Artist creates ‘La Nina’ themed exhibition with remaining belongings

A flood devastated artist from Lismore has opened a ‘La Nina’ themed exhibition in the NSW Southern Highlands, showcasing the only items she has left to her name, after becoming a victim of the exact weather system she spent months painting.

Lucy Vader lost everything – except her artwork and dog – in the worst floods to hit Lismore in history.

“I feel like the weather has mocked me … I’ve always loved rain and I paint whatever weather system we’re in at the time,” Ms Vader told 9News.

A Lismore artist has created a ‘La Nina’ inspired exhibition following her traumatic experience in the New South Wales floods (Nine)

“As we’ve been through the La Nina systems, which are now back-to-back, I’ve been painting fertile (lands), wet sky … abundant landscapes with potential and possibility.”

Footage of Ms Vader begging to be rescued from her roof was going viral on social media, at the same time her Northern Rivers home was going under on February 28.

“The weather came to kill me and came to kill many others,” Ms Vader told 9News.

“As I was sitting on the roof I was thinking, ‘Yeah, I like painting the weather but, this is a bit much … I don’t like the rain this much.”

She had three priorities as the “absolute Armageddon catastrophe” hit – her Border Collie ‘Dotty’, her exhibition and her own life.

“I’d been working on my art exhibition over the last few months and there was just one possibility of saving one thing in my house and losing everything else … which was to stack my exhibition on a table, that became a boat … and the table floated up to the ceiling,” Ms Vader said.

Lismore artist was forced to seek refuge on her roof as the floodwaters inundated her home (Nine)

As waters rose inside her North Lismore home, she farewelled her paintings and beloved dog and fled to the roof, where she spent eight hours waiting to be rescued.

“I knew that I would drown if I didn’t get on the roof,” she said.

“I said goodbye to my dog, goodbye to my paintings and got onto the roof crying and trying to get through to the SES.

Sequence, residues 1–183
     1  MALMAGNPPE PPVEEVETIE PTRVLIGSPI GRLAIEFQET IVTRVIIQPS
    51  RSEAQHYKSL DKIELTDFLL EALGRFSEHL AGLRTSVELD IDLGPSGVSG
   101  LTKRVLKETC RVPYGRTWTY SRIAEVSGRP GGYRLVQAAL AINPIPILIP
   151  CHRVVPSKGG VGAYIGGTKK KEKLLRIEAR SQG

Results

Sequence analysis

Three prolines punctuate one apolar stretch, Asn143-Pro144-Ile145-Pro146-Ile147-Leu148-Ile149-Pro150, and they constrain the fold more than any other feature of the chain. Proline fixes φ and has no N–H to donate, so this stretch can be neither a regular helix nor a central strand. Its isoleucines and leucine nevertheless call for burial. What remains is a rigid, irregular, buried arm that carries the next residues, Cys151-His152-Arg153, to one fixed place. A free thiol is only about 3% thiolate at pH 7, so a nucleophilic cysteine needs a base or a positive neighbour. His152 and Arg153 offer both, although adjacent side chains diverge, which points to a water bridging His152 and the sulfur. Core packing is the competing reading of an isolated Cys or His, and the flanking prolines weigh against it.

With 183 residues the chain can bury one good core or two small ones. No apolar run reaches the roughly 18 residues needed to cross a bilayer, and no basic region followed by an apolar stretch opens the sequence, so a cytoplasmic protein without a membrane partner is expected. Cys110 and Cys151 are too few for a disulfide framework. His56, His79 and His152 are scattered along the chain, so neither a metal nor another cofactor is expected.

“It was a long period of thinking ‘am I going to die today?”

Ms Vader was eventually rescued by an anonymous kayaker, who’d already saved multiple locals from the floodwaters.

“Over the three days that I waited for the flood to go down, I had to just hope that I had an exhibition still, even though I knew I would have lost everything else.”

Upon returning home, the artist discovered her art was the only thing salvageable.

Ms Vader was left with nothing but her artworks and her dog. (Nine)

“Untouched paintings, just floating above the water … gave me so much hope and it gave me something to live for, something to not fall into a pit of despair.

“It meant I had a life raft to cling to,” Ms Vader said.

Despite advice from loved ones to abandon the exhibition and focus on rebuilding, she packed her paintings into a friend’s van and travelled to the Southern Highlands, to hang her art in Michael Reid’s gallery in Berrima, as planned.

“She is so focused and professional, and that is partly why she is so successful,” Michael Reid said.

The money Ms Vader makes from selling the paintings will go towards art tools, a new studio and a new start to life.

“I’m starting to accept the loss and starting to think about rebuilding, designing, possibilities, hope and helping others,” she said.

“I hope that (visitors) will feel some of the journey that the paintings have been on … (the paintings) have been on their own journey now, they are a moment of Australia’s most significant environmental catastrophe in modern memory.”

In coming weeks, she will begin preparing for her next exhibitions in Europe and Sydney, which will open later this year.

“I don’t see myself painting floods, but I see the experience as galvanising something quite deep creatively inside me … deep, strong, sometimes sad emotions can funnel into works that make them more powerful, even if they’re an uplifting work,” she said.

Road broken in half by floodwaters

Her current exhibition will run until March 27.

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